Business Australia Chief Customer Experience Officer Richard Spencer has warned businesses should not expect office life to go ‘back to normal’ as staff return following months of working from home.
“In response to COVID-19 lockdowns businesses had to pivot to remote operations almost overnight, now we can’t expect staff to return with that same speed,” says Spencer.
Plan your staff’s return to work
“Very few businesses were able to plan their way into the pandemic, but they can all plan their way out,” Spencer advises.
The CX expert says there will be a period of adjustment as staff transition back to work. He advises a slow and steady approach will work best.
“Naturally there will be a period of transition and those that go slowly will manage this best.
“For some, there is nervous excitement about getting back to the office, for others it will be more of a longer transition. It’s important to be aware of office sentiment and consider how individuals are feeling with the change.
Don’t expect a snap back to old ways
Spencer says pressure to instantly resume normal practice may be met by resistance from staff who have been working autonomously at home. Instead, he advises scrutinising old processes and look for ways to adapt to life at work post-pandemic.
“It’s a good opportunity to see if things can be done better for the interests of both the business and staff.
“We’re advising our members to keep in mind that everyone has been through a turbulent time and this is an opportunity to reflect on what we have learnt, listen to the team and see what can be re-organised.”
3 tips for a smooth transition
- Hybrid model of work
Hybrid businesses environments focus on structure and sociability while also emphasising independence and flexibility. This type of practice will keep the majority of staff feeling empowered, loyal and productive at work. Research is also showing that most Australians workers want to return to their physical office, but the preference for up to 60 per cent is that they’d like to split their working time between home and office, according to a recent Boston Consulting Group study.
Bottom-up, not top-down
We need to trust our teams that they can make the transition back to the physical workplace work. Employers and business owners will do well if they are understanding of their employees’ circumstances. COVID-19 has affected a lot of people and many are exhausted, particularly as we approach the end of the year. There is also a lot of anxiety around the economy and job security, so this needs to be taken into account.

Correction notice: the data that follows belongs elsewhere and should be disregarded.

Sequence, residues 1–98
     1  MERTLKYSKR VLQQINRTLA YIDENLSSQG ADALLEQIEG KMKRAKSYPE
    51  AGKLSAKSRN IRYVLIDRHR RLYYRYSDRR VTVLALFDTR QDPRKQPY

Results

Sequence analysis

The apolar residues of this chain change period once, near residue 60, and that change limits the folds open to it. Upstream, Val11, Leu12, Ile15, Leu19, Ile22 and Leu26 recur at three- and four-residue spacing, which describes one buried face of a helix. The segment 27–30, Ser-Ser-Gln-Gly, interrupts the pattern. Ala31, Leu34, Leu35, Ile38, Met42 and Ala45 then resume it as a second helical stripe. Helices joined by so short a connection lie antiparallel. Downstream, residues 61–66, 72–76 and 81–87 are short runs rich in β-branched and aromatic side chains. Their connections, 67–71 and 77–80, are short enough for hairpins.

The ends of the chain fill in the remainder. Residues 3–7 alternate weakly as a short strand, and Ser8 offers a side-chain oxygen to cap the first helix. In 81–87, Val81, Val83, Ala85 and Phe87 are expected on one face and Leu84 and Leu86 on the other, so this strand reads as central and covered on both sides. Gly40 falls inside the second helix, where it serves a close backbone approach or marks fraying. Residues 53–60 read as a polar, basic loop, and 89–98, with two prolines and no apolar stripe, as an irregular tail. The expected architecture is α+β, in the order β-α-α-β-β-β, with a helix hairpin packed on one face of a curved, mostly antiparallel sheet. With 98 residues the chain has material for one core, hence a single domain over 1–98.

While the Australian economy is opening up again quickly, it doesn’t mean that there won’t be new issues arising along the way. Until the vaccine is widely available it’s worth having a back-up plan in place should the business experience a crisis. For example, that might mean setting up separate teams when employees return to work, this will help manage control if there is an outbreak and one team needs to be quarantined, in that case, the other team will be able to keep the business running.
Spencer suggests it’s important to acknowledge the hard yard’s your staff may have been doing whilst working from home.
“No doubt employees will have had the sense that they have done a great job at home over these last few months – often they might have had to juggle kids at home or put in extra hours working late or catching up on tasks over the weekend.
“It’s really important to recognise this dedication – thank your team for their hard work and support during difficult times,” he says.
Lay a foundation for the future
Lastly, Spencer believes now is the time to set the standard for future business practice.
“There may be expectations for managers to be accommodating and understanding. The first few weeks might be fine as there will be a bit of energy and excitement, but keep in mind this may well change over time.
“This is the optimum time to make plans for how the business will emerge from COVID and re-define itself through 2021.”
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